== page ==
The global comparisons were led by the Active Healthy Kids Global Alliance (AHKGA; www.activehealthykids.org), a not-for-profit organization dedicated to powering the movement to get kids moving. Each country’s research process to determine grades was based on the framework from the ParticipACTION Report Card on Physical Activity for Children and Youth. Ten common indicators were compared: Overall Physical Activity, Organized Sport and Physical Activity, Active Play, Active Transportation, Sedentary Behavior, Physical Fitness, Family and Peers, School, Community and Environment, and Government. Report Cards from each of the 49 countries, as well as the results of the global comparisons, were presented at the opening plenary of the Movement to Move Conference in Adelaide, Australia and published in the Journal of Physical Activity and Health on November 27, 2018. Complete details of the Global Matrix 3.0, each country’s grades, report cards, priorities for action, quotes from country leaders and more are available at www.activehealthykids.org. The “Global Matrix 1.0” (2014, 15 countries) and “Global Matrix 2.0” (2016, 38 countries) findings are also available on the AHKGA website.

The AHKGA is committed to informing, guiding and facilitating solutions to the global childhood inactivity crisis. This Global Matrix 3.0 confirms there are challenges for children, communities and cultures around the world. Identified priorities for action include:

  • Creating a global movement for comprehensive school physical activity programs that support and allow ALL children and youth to meet the physical activity guidelines through a variety of strategic interventions (e.g., active recess options, physical activity breaks, compulsory physical education).
  • Creating a global culture of active kids / active people in all settings, prioritizing active transportation above other modes of transportation.
  • Investing in comprehensive social interventions and research to improve implementation and uptake strategies to manage recreational screen time among children and youth.
  • Developing a standardized global surveillance system of the physical activity and related indicators among children and youth to fill the current gaps, especially in low- and medium-income countries.

Further information on solutions to “improve the grade” is available at:

www.activehealthykids.org
www.participaction.com/en-ca
www.isca-web.org/english
www.who.int/ncds/prevention/physical-activity/en

For more information, please contact:

Dr. Mark Tremblay
President, AHKGA
mtremblay@cheo.on.ca

Aynsley Morris
Director of Communications, CHEO Research Institute
amorris@cheo.on.ca
+1-613-737-7600 x4144

 

Please see the Global Matrix 3.0 tab for a complete table of grades from all countries.

Search the grades by country or continent. View the grading rubric to learn more about how grades are assigned.

 

Country Continent HDI Overall Physical Activity Organized Sport and Physical Activity Active Play Active Transportation Sedentary Behavior
Zimbabwe Africa Low 17C+ 15B 20D+ 13A- 15B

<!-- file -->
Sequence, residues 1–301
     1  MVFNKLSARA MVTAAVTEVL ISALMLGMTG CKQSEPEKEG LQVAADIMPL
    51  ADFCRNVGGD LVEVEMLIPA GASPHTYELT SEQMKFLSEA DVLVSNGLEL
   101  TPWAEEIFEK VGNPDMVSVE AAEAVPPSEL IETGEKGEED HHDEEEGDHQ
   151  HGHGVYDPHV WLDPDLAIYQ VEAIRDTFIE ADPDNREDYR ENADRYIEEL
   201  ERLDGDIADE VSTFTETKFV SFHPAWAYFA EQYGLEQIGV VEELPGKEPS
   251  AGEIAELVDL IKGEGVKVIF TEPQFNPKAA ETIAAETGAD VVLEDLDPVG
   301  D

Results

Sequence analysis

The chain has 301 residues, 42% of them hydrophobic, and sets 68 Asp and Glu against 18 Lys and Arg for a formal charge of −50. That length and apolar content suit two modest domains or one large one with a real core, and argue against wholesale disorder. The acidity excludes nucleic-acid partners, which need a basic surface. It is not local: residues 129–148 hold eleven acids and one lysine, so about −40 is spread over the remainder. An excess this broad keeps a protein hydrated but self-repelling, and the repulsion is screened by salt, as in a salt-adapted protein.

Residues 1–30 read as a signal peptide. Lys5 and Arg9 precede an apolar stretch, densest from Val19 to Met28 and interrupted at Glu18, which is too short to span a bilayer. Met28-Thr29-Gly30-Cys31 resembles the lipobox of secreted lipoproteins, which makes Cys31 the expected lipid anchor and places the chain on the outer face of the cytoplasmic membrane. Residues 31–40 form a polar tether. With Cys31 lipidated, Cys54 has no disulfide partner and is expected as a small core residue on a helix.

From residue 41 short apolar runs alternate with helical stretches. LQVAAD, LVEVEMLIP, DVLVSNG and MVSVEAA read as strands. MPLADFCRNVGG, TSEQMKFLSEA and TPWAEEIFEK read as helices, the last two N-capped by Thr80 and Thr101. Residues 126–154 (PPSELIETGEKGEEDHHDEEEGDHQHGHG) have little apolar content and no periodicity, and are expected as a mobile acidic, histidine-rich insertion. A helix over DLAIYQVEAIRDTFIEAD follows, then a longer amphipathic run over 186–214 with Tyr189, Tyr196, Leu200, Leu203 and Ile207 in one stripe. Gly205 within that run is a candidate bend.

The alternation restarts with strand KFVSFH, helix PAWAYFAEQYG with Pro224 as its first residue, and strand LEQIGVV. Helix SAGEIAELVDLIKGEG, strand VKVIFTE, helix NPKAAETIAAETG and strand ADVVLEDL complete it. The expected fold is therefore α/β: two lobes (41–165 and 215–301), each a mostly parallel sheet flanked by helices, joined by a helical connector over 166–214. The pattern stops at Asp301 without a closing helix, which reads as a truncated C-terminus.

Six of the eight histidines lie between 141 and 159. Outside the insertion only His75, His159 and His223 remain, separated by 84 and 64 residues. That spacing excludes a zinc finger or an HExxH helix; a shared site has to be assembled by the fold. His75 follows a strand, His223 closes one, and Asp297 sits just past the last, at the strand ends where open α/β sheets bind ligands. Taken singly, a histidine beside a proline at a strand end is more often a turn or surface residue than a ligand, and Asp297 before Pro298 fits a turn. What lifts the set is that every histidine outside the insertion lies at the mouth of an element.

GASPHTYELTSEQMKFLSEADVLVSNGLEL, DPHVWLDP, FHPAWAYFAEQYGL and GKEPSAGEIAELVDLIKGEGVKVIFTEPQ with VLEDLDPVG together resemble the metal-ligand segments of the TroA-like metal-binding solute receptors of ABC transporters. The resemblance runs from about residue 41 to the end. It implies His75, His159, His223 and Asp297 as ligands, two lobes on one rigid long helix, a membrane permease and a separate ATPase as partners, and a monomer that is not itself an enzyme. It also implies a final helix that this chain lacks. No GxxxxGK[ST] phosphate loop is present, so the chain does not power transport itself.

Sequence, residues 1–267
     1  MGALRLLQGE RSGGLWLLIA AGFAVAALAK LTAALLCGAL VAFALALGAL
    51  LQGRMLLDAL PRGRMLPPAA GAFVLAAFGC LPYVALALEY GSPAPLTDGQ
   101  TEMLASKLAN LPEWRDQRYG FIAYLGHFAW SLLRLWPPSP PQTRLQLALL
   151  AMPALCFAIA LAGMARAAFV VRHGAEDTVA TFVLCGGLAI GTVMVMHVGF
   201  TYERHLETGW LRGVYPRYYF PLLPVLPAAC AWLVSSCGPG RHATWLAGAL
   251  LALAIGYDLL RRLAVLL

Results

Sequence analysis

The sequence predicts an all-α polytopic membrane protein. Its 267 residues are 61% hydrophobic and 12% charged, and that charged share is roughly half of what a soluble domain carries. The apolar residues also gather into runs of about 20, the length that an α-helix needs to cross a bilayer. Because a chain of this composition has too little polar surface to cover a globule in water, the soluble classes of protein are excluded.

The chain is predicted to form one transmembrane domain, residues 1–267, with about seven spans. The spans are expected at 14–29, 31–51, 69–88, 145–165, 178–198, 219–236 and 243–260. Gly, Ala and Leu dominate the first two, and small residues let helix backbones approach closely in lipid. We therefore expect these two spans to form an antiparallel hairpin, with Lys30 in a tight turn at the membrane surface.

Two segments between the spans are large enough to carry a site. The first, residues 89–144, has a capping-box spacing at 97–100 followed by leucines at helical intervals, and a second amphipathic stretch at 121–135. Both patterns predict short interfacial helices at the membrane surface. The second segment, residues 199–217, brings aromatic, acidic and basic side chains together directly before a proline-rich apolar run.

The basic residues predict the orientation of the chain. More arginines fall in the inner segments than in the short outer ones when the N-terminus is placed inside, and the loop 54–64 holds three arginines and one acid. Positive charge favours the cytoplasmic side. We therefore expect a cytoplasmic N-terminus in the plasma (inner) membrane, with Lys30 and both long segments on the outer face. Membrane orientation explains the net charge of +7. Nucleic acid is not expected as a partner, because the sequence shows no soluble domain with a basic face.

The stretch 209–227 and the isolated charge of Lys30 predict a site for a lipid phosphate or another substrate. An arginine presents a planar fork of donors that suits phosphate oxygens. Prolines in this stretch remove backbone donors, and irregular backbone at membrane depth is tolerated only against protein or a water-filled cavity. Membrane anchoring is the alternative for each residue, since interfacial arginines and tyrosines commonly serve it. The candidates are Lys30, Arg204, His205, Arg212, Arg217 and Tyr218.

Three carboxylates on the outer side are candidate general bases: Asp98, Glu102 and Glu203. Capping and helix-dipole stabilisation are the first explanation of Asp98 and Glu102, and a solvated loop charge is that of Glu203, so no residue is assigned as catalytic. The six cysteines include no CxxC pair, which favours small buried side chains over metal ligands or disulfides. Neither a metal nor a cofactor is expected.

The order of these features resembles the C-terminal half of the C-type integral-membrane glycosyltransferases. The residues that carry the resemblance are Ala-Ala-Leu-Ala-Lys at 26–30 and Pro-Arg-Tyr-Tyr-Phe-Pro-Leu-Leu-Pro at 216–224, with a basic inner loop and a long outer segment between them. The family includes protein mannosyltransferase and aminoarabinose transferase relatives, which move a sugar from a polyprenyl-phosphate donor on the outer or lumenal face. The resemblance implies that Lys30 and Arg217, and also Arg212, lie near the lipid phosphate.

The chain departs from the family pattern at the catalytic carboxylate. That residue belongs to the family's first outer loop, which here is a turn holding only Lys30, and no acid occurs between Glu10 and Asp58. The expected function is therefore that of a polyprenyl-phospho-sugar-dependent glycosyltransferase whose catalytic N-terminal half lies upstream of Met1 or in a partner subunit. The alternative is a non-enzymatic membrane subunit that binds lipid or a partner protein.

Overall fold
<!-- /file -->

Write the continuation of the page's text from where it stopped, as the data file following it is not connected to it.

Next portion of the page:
Wales Europe Very High 20D+ 17C+ 19C- 20D+ 24F
Venezuela South America High 21D 21D 26INC 16B- 26INC
Uruguay South America High 21D 24F 26INC 18C 19C-
United States North America Very High 22D- 18C 26INC 22D- 21D
United Arab Emirates Asia Very High 24F 26INC 26INC 26INC 19C-
Thailand Asia High 22D- 19C- 24F 18C 22D-
Sweden Europe Very High 20D+ 14B+ 26INC 18C 17C+
Spain Europe Very High 21D 15B 19C- 16B- 14B+
South Korea Asia Very High 24F 18C 26INC 14B+ 21D
South Africa Africa Medium 18C 21D 26INC 18C 26INC
Slovenia Europe Very High 13A- 17C+ 21D 18C 14B+
Scotland Europe Very High 24F 15B 26INC 18C 24F
Qatar Asia Very High 21D 20D+ 26INC 27N/A 20D+
Portugal Europe Very High 21D 16B- 26INC 19C- 19C-
Poland Europe Very High 22D- 21D 26INC 18C 21D
Nigeria Africa Low 18C 19C- 18C 15B 16B-
New Zealand Oceania Very High 22D- 15B 17C+ 19C- 21D
Netherlands Europe Very High 18C 15B 15B 16B- 19C-
Nepal Asia Medium 20D+ 26INC 26INC 13A- 14B+
Mexico North America High 20D+ 18C 26INC 17C+ 22D-
Lithuania Europe Very High 19C- 18C 26INC 19C- 19C-
Lebanon Asia High 21D 24F 26INC 21D 19C-
Jersey Europe Very High 22D- 26INC 26INC 20D+ 18C
Japan Asia Very High 26INC 16B- 26INC 13A- 19C-
India Asia Medium 21D 26INC 19C- 16B- 19C-
Hong Kong Asia Very High 19C- 18C 26INC 14B+ 19C-
Guernsey Europe Very High 21D 17C+ 26INC 21D 18C
Ghana Africa Medium 18C 17C+ 16B- 17C+ 26INC
Germany Europe Very High 22D- 15B 22D- 19C- 22D-
France Europe Very High 21D 19C- 26INC 19C- 22D-
Finland Europe Very High 21D 17C+ 18C 14B+ 22D-
Ethiopia Africa Low 21D 18C 15B 18C 24F
Estonia Europe Very High 22D- 18C 24F 21D 24F
England Europe Very High 19C- 20D+ 26INC 19C- 20D+
Ecuador South America High 21D 26INC 26INC 19C- 18C
Denmark Europe Very High 22D- 13A- 26INC 14B+ 20D+
Czech Republic Europe Very High 21D 16B- 22D- 17C+ 22D-
Colombia South America High 20D+ 18C 26INC 15B 20D+
Chinese Taipei Asia Very High 24F 22D- 26INC 19C- 19C-
China Asia High 24F 22D- 20D+ 17C+ 24F
Chile South America Very High 22D- 22D- 26INC 24F 19C-
Canada North America Very High 20D+ 14B+ 21D 22D- 20D+
Bulgaria Europe High 20D+ 17C+ 17C+ 16B- 21D
Brazil South America High 21D 17C+ 20D+ 18C 22D-
Botswana Africa Medium 26INC 26INC 22D- 18C 16B-
Belgium (Flanders) Europe Very High 24F 15B 26INC 17C+ 18C
Bangladesh Asia Medium 19C- 26INC 26INC 19C- 13A-
Australia Oceania Very High 22D- 16B- 26INC 20D+ 22D-